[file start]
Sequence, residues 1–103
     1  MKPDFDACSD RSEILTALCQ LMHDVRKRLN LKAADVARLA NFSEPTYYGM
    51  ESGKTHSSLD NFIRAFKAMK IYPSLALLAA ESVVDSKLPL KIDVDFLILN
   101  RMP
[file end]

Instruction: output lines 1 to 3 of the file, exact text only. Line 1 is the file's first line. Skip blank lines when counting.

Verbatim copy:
Sequence, residues 1–103
     1  MKPDFDACSD RSEILTALCQ LMHDVRKRLN LKAADVARLA NFSEPTYYGM
    51  ESGKTHSSLD NFIRAFKAMK IYPSLALLAA ESVVDSKLPL KIDVDFLILN